Saturday, December 15, 2007
I have been researching hard for the last 3 weeks, slaving away to getting my tongue used to all the 'north eastern' names. My friend, my accomplice in travel, has been burried in work all week and until today, when i finally gave her a call to run her through the itenarary - it didnt seem real. There we were running through options for day 1, day 2 etc. and splitting who would take care of what - and suddenly we realised
1. It was not a vague dream
2. And it was really happening
3. And in less than 7 days! Yeay!
This is going to be a different trip ofcourse. For the reason that, two of us elder sisters are dragging our 2 kid sisters with us. Overnight, our responsibilities have increased for this reason, and for once, i am abondaning some of my 'mad-hatter' ideas. And ofcourse, it's our first almost self arranged trip in the great mountains.
So - A little anxious, loads excited, and waiting for 22nd!
While most often its fun to write - sometimes, it does become an effort! Anyway my last few posts have been loaded with words, this one's a photo post. Almost only a photo post.
Never could resist red bougenvillas
Where the wine grows
Vine from the wineyard
Where the wine is made
A toast to ....
Sunday, December 02, 2007
It seemed to me I stood by the iron gate leading to into the campus for a long time, as the way was barred to me. And all of a sudden, with ethereal capabilities possessed in truest of dreams, I floated inside. The road appeared the same, lined with trees on either side, creamy yellow buildings housing students on one side, a huge ground with jogging track on the other. And the famous Gandhi statue on the four road cross section up ahead. The scene magically changed to another - it was a clear night, buzzing with students unlike any other night. There I was seated at the foot of the statue with my friends waiting for the bus - to take us out of this place into the real world. My last day in Pilani.
I was almost losing hope on the Pilani trip, when overnight all my travel arrangements were made. I wasn't sure what my exact role in the whole recruitment process was, but i dare not ask lest they decided i was not needed. We left Delhi around 10 o clock 5 of us in a loaded Tavera. Everyone was already dreading the 6 hour journey. I was looking forward to 6 hours of reminiscing.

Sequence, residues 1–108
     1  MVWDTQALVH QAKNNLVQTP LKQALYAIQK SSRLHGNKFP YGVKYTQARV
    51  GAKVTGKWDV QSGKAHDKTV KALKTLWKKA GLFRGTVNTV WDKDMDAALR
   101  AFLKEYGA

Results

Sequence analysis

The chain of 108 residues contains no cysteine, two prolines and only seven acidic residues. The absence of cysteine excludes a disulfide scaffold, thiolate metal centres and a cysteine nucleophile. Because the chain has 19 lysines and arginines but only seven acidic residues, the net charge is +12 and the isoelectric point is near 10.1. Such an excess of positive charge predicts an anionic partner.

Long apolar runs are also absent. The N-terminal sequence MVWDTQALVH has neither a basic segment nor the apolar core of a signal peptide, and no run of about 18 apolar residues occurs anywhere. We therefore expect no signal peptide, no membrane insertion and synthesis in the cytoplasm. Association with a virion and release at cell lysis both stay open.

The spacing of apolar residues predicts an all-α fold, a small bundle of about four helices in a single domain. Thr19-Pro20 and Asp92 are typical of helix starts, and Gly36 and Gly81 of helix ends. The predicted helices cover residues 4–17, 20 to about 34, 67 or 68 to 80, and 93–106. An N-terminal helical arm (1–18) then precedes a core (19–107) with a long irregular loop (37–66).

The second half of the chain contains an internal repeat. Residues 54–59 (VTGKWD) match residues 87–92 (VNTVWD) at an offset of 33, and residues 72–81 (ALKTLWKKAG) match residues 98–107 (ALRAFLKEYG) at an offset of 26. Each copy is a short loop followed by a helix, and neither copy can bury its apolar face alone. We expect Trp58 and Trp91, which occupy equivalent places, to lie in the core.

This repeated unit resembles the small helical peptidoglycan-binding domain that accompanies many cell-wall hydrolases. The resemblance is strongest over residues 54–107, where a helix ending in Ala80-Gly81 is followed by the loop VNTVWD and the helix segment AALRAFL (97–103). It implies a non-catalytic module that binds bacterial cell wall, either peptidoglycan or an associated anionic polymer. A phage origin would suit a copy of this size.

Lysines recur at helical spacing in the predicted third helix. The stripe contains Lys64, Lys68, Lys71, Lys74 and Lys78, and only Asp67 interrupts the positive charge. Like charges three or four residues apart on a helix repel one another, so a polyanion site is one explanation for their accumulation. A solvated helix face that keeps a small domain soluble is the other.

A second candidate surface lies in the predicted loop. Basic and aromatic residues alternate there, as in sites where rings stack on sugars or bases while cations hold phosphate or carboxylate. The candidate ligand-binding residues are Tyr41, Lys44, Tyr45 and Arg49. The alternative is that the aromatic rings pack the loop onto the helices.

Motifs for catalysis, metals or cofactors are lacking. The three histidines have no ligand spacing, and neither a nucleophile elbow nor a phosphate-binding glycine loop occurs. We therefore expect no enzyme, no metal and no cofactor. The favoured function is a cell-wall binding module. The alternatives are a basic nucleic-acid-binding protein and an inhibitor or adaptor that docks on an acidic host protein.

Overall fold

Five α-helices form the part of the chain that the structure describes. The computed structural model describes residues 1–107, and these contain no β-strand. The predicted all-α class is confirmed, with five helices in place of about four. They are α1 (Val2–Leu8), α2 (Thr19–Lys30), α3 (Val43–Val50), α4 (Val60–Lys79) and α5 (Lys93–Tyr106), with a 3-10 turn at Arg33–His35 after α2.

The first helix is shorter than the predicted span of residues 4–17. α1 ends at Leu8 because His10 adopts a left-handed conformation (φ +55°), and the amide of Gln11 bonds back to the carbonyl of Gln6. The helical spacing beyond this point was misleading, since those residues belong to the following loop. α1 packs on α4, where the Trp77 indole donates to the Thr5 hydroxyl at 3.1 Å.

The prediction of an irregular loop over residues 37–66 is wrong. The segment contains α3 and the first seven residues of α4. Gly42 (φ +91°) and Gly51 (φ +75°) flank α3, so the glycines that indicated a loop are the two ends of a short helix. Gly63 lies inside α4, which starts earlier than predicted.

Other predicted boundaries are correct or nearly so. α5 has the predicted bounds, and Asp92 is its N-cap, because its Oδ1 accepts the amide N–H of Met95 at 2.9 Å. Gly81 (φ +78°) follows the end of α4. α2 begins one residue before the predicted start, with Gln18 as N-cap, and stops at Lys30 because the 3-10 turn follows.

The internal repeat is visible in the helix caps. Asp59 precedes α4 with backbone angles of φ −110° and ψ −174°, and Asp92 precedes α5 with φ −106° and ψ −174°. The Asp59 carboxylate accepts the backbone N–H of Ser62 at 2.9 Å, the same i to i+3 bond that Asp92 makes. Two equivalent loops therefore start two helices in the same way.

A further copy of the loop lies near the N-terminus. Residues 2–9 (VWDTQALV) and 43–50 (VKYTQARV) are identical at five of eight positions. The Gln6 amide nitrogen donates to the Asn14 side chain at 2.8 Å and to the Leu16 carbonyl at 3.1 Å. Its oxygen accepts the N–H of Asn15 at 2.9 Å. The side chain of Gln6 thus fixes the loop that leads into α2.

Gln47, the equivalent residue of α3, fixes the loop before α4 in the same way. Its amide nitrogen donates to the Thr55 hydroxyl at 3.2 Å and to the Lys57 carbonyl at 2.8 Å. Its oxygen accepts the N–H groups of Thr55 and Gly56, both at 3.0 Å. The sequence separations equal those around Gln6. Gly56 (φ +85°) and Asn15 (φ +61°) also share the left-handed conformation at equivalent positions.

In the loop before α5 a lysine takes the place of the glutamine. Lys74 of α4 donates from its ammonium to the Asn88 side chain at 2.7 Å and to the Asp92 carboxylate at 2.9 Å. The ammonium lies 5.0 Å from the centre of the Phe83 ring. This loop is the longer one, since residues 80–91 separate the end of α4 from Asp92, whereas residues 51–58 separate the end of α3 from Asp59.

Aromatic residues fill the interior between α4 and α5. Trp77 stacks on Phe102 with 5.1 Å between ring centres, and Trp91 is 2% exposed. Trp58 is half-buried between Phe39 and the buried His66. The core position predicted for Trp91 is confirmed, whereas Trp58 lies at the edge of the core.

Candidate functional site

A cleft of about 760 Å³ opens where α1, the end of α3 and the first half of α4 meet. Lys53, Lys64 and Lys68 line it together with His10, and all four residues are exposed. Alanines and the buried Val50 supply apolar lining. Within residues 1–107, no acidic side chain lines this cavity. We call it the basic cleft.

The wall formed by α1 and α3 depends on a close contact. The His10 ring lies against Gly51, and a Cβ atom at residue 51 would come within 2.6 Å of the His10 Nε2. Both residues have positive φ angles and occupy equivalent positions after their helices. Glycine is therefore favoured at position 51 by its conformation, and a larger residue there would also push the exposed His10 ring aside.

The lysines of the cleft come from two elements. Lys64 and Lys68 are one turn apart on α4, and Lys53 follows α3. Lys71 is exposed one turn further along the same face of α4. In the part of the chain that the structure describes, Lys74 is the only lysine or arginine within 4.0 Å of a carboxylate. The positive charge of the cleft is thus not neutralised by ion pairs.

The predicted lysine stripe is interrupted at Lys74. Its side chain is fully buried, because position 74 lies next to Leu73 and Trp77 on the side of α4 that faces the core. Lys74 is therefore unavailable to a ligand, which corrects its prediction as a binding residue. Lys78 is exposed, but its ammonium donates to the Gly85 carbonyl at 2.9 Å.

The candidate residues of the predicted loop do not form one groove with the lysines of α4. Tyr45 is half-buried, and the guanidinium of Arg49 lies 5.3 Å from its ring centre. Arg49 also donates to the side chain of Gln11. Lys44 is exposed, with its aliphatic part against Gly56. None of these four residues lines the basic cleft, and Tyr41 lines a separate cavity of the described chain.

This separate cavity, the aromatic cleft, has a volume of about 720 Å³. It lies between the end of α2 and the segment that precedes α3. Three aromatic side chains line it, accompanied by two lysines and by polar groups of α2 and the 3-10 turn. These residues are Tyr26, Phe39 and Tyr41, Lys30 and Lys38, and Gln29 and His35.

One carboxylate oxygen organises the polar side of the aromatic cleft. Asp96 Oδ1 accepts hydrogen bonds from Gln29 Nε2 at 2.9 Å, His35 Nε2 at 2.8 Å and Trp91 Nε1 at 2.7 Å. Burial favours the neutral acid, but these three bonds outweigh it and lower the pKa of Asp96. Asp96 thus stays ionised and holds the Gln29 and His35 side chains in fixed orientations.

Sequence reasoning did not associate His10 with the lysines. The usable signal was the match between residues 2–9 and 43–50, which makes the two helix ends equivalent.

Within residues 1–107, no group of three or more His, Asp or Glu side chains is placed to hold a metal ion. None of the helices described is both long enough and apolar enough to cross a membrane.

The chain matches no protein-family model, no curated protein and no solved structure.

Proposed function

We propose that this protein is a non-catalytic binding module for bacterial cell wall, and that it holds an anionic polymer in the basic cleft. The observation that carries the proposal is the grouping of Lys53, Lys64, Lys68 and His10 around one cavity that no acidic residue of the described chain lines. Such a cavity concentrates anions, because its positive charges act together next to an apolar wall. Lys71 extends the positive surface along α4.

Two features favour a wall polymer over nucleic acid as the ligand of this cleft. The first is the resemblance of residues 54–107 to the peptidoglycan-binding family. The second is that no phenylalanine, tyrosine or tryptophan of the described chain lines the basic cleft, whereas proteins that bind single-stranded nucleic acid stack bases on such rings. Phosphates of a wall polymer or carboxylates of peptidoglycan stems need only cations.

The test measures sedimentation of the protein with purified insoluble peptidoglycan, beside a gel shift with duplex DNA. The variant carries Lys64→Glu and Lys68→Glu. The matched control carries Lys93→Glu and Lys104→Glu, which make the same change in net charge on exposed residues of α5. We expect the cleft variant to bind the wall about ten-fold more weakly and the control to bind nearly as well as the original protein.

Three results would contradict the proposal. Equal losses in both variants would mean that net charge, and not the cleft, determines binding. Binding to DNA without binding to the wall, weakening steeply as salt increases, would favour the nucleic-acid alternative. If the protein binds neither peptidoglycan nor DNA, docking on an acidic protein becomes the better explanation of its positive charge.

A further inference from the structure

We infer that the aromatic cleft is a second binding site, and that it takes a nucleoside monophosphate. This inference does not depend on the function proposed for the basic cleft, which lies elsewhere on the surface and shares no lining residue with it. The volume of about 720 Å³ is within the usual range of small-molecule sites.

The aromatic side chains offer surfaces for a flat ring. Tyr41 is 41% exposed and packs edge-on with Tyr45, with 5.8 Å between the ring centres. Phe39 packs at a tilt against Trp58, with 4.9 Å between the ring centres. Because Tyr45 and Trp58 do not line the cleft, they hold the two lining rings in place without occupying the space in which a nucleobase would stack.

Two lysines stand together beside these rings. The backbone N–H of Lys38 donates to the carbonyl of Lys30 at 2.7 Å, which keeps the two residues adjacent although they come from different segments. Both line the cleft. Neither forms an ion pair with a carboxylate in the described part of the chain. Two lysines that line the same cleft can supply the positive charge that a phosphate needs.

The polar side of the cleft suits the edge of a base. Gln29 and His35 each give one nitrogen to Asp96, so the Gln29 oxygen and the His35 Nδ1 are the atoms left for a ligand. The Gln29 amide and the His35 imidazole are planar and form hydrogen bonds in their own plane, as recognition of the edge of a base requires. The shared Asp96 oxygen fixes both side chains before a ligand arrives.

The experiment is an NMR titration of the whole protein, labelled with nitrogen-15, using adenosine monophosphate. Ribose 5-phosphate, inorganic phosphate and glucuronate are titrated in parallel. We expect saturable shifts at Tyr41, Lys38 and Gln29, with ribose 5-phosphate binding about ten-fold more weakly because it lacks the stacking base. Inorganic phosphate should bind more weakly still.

I seemed to disapparate from that scene to another place and time. I was in the SUB or the students union block. The place had a charm of its own, the old rooms with slanted asbestos roof arranged along the three sides of a rectangle, facing the grounds. A tree here and there and a couple of broken benches to complete the scene.
It was a warm afternoon with strains of Bryan Adams filling the place. Sounds of excited laughter floated past. I was sitting in a corner indulged in our famous 'paper tearing'. My heart was beating just a little faster... I seemed to be just a little breathless as I lifted my head and my eyes met his. It seemed like we were playing a subliminal game, unnoticed by others. I was surrounded by people with whom i seemed to have established a bond from beyond the ages. Everyone was laughing. Some were recounting the adventures of the passed year. It was a beautiful afternoon when everything was magic.
We landed by 4.30 in the evening. We decided to go around the campus head of our presentation - so we caught 3 cycle rickshaws for the grand tour. At every corner, every bend I kept expecting a friend, an infamous couple, a rival group, a cheeky junior or just another face u noticed in the mess. It was weird.
I left them to the afternoon warmth and flitted along the roads to C'not and the park behind. In that few minutes it took me to walk, the sun seemed to have set replaced by a starry clear night. And then another image slipped in to place. We were sitting on the walls of the C'not park. It had become a routine for me and my friend, to head towards the quieter roads on evenings when time was at our disposal and when we had no things to do. We would walk around discussing the things of passionate importance - the latest department fight, the outcome of certain peoples love lives, why we disliked some one and in general the state of our lives- and then of things of lesser importance, but nevertheless as much passion like why we liked F.R.I.E.N.D.S. Today she was recounting why she liked Chandler the most for the zillionth time. And we were wondering why couples liked to claim that they were'just good friends'. Then we settled into an enigmatic silence absorbing the quiet night and starry sky that enveloped us.